RODALE NEWS, EMMAUS, PA—They seem innocuous enough: colorful mushrooms raining with cold water on a hot day, and goofy tubes whirling around spraying water. But these increasingly popular splash parks are just as guilty of transmitting recreational waterborne illnesses as public swimming pools.
A new report from the Centers for Disease Control and Prevention (CDC) confirmed that an outbreak of cryptosporidiosis in Idaho, which sickened 45 people, could be traced back to a splash park. And that’s not the first. The largest cryptosporidiosis outbreak in New York State, which ultimately made 713 people sick in 2005, was traced back to one of these splash parks, or “spray grounds.”
THE DETAILS: Public fountains and splash parks (think concrete playgrounds with fountains and other play equipment that shoots out water) aren’t always regulated in the same way as public pools, says Michele Hlavsa, RN, MPH, epidemiologist with the CDC’s Healthy Swimming Program. A splash park, she says, “is basically an underground pool, designed in the hopes that children won’t drown.” The water is stored in underground tanks and sprayed through play equipment above ground, potentially exposing kids to harmful bacteria if the water isn’t properly treated.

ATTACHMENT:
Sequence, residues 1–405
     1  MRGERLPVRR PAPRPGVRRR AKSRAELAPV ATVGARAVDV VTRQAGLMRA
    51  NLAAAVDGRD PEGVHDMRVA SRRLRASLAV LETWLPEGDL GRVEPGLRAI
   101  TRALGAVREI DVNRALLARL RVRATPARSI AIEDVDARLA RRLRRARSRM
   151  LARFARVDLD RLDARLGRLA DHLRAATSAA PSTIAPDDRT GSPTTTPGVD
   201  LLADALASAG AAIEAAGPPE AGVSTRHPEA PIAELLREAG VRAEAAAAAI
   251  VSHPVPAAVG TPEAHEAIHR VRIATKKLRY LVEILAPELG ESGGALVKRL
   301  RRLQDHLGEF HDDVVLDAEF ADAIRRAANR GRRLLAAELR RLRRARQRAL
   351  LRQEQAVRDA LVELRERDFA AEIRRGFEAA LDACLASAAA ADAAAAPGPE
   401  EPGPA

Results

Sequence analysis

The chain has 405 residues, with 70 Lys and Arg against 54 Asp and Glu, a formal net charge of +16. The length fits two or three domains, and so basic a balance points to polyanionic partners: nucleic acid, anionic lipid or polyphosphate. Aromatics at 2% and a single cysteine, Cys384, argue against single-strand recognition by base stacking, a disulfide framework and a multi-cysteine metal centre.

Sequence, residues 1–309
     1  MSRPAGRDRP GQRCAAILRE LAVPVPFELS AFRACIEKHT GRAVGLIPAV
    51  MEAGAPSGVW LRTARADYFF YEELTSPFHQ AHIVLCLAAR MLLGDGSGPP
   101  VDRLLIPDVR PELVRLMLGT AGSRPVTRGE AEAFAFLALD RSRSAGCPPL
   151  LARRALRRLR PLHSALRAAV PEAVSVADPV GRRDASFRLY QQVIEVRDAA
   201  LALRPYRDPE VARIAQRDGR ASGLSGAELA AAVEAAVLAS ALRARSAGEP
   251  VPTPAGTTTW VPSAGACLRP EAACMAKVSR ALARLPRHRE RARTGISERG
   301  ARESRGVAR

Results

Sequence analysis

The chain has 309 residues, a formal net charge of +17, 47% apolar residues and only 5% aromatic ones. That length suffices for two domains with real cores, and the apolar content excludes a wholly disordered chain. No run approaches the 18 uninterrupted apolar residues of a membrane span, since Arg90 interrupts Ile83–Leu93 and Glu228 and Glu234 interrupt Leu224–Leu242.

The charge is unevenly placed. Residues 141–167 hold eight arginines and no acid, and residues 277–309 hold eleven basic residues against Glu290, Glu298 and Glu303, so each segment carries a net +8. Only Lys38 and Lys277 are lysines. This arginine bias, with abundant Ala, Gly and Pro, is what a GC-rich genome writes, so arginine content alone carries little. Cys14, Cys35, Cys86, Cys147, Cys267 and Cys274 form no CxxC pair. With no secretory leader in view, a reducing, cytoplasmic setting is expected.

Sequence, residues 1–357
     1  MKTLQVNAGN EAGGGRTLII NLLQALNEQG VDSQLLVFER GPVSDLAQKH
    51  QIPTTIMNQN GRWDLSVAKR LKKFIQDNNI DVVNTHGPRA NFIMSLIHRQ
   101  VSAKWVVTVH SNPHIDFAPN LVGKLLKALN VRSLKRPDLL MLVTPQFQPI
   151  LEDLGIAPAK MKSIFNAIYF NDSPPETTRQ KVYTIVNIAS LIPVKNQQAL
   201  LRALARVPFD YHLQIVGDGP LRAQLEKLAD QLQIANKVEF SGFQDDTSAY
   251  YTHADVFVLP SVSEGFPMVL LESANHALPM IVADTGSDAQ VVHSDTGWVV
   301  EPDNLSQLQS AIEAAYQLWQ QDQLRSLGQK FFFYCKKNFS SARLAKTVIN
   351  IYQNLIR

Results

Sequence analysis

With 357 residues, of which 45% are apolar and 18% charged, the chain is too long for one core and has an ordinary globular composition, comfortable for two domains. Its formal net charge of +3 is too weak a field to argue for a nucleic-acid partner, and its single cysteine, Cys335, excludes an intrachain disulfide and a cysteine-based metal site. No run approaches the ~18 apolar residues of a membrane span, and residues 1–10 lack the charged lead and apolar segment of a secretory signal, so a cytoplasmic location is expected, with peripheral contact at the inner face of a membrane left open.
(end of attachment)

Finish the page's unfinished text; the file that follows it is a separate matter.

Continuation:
And just because you may see kids splashing around in a public fountain doesn’t necessarily mean it was intended to be used as a swimming pool substitute. The water may not be treated at all, but like a splash park, it can expose kids to waterborne illnesses, since all that water washes dirt, vomit, and diarrhea particles into the holding tanks below ground. “The aquatics industry has been very good at finding new ways to entertain us with water, and pool codes don’t always keep up with them,” Hlavsa says.